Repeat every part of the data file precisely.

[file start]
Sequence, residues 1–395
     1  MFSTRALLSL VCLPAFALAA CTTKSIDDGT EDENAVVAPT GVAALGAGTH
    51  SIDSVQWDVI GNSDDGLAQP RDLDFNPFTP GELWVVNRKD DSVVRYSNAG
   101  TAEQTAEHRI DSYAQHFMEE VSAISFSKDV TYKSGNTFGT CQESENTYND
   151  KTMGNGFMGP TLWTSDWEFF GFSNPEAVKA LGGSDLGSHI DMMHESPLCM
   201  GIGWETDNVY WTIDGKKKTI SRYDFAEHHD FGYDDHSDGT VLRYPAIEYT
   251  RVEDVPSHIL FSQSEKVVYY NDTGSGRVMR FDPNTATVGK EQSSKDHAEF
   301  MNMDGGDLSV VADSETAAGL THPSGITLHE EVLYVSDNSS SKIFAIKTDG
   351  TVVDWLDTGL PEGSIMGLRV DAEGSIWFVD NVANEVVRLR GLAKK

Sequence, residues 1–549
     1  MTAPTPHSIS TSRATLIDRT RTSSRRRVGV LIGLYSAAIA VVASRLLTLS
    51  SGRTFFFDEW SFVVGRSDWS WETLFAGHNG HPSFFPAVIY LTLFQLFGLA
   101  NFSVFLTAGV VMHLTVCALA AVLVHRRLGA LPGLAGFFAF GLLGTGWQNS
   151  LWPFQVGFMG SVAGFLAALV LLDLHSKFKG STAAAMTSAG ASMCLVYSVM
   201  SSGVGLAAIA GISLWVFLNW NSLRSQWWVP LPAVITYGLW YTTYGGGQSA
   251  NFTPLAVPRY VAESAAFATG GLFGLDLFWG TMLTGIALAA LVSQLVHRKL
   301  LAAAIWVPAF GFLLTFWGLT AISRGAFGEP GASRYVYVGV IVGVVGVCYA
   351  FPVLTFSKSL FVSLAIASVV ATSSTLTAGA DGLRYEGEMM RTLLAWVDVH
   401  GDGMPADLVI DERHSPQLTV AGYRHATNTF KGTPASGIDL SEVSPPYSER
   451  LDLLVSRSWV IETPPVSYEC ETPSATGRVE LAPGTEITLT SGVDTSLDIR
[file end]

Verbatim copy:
Sequence, residues 1–395
     1  MFSTRALLSL VCLPAFALAA CTTKSIDDGT EDENAVVAPT GVAALGAGTH
    51  SIDSVQWDVI GNSDDGLAQP RDLDFNPFTP GELWVVNRKD DSVVRYSNAG
   101  TAEQTAEHRI DSYAQHFMEE VSAISFSKDV TYKSGNTFGT CQESENTYND
   151  KTMGNGFMGP TLWTSDWEFF GFSNPEAVKA LGGSDLGSHI DMMHESPLCM
   201  GIGWETDNVY WTIDGKKKTI SRYDFAEHHD FGYDDHSDGT VLRYPAIEYT
   251  RVEDVPSHIL FSQSEKVVYY NDTGSGRVMR FDPNTATVGK EQSSKDHAEF
   301  MNMDGGDLSV VADSETAAGL THPSGITLHE EVLYVSDNSS SKIFAIKTDG
   351  TVVDWLDTGL PEGSIMGLRV DAEGSIWFVD NVANEVVRLR GLAKK

Sequence, residues 1–549
     1  MTAPTPHSIS TSRATLIDRT RTSSRRRVGV LIGLYSAAIA VVASRLLTLS
    51  SGRTFFFDEW SFVVGRSDWS WETLFAGHNG HPSFFPAVIY LTLFQLFGLA
   101  NFSVFLTAGV VMHLTVCALA AVLVHRRLGA LPGLAGFFAF GLLGTGWQNS
   151  LWPFQVGFMG SVAGFLAALV LLDLHSKFKG STAAAMTSAG ASMCLVYSVM
   201  SSGVGLAAIA GISLWVFLNW NSLRSQWWVP LPAVITYGLW YTTYGGGQSA
   251  NFTPLAVPRY VAESAAFATG GLFGLDLFWG TMLTGIALAA LVSQLVHRKL
   301  LAAAIWVPAF GFLLTFWGLT AISRGAFGEP GASRYVYVGV IVGVVGVCYA
   351  FPVLTFSKSL FVSLAIASVV ATSSTLTAGA DGLRYEGEMM RTLLAWVDVH
   401  GDGMPADLVI DERHSPQLTV AGYRHATNTF KGTPASGIDL SEVSPPYSER
   451  LDLLVSRSWV IETPPVSYEC ETPSATGRVE LAPGTEITLT SGVDTSLDIR